The biosynthetic pathways involved in carotenoids formation were elucidated in the middle of the last century using various classical biochemical and mutational studies [8]. Various modern molecular and biochemical techniques have facilitated functional complementation of genes leading to the creation of transgenic plants. These studies have enhanced the knowledge of carotenoid biosynthesis, its regulation, and the enzymes involved in the pathway [9].

Formation of carotenoids

Originally it was believed that all isoprenoids were produced by using mevalonate (MVA) as a precursor of IPP, which is synthesized from acetyl-CoA via mevalonic acid [10] but later, the MVAindependent pathway for the formation of IPP was also discovered, which involves 1- deoxy-D-xylulose-5-phosphate (DXP) [11] (Figure 1). Eukaryotes, with the exception of the photosynthetic eukaryotes, use the MVA pathway for the isoprenoid synthesis [12-14].


Figure 1: Biosynthesis of Isoprenoid compounds Namitha and Negi [13].

Metabolic engineering in crop plants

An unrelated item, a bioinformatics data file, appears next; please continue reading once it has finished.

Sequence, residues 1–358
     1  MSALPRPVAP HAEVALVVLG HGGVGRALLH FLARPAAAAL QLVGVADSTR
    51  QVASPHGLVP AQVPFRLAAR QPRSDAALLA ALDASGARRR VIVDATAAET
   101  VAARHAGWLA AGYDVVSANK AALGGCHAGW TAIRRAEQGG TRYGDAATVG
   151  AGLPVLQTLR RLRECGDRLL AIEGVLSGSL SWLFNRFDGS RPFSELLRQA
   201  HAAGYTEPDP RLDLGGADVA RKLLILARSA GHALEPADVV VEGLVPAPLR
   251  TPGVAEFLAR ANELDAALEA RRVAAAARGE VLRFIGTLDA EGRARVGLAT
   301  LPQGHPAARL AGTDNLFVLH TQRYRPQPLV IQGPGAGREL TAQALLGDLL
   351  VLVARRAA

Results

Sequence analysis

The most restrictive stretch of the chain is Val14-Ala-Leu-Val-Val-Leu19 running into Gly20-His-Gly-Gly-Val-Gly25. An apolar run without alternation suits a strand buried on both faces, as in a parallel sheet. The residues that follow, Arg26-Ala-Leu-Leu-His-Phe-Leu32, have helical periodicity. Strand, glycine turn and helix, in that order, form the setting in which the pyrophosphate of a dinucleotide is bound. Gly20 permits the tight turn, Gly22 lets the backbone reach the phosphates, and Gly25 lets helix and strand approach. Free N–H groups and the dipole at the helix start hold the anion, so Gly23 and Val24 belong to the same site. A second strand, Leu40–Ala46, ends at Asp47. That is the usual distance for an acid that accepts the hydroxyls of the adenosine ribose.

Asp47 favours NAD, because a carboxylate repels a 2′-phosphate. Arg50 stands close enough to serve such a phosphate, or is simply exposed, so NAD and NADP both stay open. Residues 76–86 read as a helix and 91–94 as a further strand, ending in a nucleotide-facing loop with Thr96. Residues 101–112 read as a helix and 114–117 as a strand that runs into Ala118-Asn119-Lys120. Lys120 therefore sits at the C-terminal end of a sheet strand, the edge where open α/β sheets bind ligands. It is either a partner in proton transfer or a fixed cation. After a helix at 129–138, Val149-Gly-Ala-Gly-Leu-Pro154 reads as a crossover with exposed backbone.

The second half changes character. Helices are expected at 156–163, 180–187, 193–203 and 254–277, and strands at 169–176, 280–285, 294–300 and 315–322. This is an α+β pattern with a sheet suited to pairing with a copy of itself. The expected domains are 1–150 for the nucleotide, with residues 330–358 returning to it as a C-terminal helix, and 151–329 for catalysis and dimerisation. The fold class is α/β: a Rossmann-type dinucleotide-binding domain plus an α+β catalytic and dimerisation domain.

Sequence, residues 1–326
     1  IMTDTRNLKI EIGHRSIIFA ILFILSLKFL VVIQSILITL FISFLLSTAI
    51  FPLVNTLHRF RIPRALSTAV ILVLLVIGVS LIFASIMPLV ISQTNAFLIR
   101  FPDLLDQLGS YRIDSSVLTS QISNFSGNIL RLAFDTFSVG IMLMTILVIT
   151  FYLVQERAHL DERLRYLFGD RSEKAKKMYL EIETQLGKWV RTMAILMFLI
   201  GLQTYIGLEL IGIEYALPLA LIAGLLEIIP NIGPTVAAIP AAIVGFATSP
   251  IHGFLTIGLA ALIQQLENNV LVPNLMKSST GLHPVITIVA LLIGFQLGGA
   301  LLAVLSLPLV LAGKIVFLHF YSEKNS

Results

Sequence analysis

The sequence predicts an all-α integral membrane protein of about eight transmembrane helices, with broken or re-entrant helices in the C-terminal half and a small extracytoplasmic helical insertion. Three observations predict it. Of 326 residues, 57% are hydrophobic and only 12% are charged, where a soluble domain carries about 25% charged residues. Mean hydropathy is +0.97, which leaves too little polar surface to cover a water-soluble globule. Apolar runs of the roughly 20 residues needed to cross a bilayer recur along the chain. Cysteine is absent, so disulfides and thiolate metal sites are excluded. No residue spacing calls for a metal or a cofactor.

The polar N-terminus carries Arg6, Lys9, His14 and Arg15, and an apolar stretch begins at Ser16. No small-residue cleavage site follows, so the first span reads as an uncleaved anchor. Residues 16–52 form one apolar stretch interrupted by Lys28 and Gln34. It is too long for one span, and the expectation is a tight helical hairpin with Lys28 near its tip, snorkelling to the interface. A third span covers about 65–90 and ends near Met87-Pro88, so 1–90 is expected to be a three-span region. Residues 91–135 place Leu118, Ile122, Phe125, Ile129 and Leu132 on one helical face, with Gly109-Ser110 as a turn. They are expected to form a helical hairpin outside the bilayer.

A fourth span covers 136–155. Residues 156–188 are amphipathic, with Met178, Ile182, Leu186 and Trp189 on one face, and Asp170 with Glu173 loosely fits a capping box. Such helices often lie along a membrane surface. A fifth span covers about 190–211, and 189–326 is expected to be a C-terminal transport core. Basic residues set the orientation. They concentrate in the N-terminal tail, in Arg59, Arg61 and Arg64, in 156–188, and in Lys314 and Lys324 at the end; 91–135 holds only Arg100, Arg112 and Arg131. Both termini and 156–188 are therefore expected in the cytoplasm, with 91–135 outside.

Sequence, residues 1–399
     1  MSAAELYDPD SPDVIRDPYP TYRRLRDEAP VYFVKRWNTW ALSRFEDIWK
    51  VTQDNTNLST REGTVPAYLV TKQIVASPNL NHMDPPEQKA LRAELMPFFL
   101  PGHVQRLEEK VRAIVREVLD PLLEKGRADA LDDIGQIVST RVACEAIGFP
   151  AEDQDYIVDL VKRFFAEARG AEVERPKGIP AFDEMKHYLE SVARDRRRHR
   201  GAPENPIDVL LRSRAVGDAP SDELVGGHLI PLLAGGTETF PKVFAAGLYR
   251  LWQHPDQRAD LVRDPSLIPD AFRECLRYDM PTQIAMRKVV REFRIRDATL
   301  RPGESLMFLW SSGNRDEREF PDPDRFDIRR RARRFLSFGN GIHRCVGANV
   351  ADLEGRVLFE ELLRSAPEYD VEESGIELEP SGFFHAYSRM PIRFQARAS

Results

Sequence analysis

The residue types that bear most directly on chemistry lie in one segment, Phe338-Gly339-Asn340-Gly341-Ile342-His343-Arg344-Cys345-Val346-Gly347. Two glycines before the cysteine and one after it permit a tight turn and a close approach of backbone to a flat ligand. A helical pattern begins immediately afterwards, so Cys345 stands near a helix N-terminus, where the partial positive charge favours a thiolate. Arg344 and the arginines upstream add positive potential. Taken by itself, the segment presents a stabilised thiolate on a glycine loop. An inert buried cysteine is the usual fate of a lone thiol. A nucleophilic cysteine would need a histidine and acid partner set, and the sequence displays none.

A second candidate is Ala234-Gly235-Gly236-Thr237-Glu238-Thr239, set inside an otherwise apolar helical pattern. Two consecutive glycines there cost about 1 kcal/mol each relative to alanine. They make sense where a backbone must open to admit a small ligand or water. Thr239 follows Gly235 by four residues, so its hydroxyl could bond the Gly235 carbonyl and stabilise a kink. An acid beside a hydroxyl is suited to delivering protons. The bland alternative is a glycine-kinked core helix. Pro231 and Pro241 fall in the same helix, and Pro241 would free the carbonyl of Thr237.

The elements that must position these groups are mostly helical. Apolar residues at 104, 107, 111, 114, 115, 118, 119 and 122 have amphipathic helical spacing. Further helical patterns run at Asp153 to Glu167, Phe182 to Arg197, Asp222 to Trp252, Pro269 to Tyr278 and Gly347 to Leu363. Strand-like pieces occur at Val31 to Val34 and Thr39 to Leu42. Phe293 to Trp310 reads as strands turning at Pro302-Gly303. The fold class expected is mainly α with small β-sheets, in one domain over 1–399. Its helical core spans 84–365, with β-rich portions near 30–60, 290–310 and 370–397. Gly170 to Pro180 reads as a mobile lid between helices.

Even though conventional plant breeding approaches have increased the productivity successfully, the advantages of genetic engineering over this method include the ability to transfer genes in a faster and targeted manner. Carotenoid profiling of the target crop will help in selecting the gene(s) for metabolic engineering. Metabolite/precursor pool sizes, enzyme activities and location, gene expression profiles, carotenoid catabolism, interaction with other isoprenoid pathways, and regulatory mechanisms influence the choice and combination of genes and promoters necessary to manipulate the pathway. Currently amplification of the enzyme with the highest flux control coefficient or the “rate-limiting” enzyme is the principal target for carotenoid manipulation. Increasing flux through the pathway (quantitative engineering) seems to be promising for increasing the end product. Changing the composition of carotenoids or creating a new carotenoid in the tissue of interest (qualitative engineering) is the other objective of metabolic engineering. A new trend of altering the carotenoid content as a result of manipulations to another pathway or biological process (pleiotrophic engineering) is also being attempted to enhance valuable carotenoids for commercial purposes [15]. Phytoene synthase catalyses the first committed step in the carotenoid pathway and has been manipulated in a number of crop speices. However, the constitutive expression of the cDNA of phytoene synthase (psy) gene in transgenic tomato plants led to dwarfism, due to redirection of geranylgeranyl diphosphate (GGPP) from the gibberellins pathway into carotenoid synthesis [16]. In contrast, a two-fold increase in total fruit carotenoids was achieved in tomato plants that expressed the bacterial phytoene synthase gene Crt B from E. uredovora in a fruit-specific manner [17].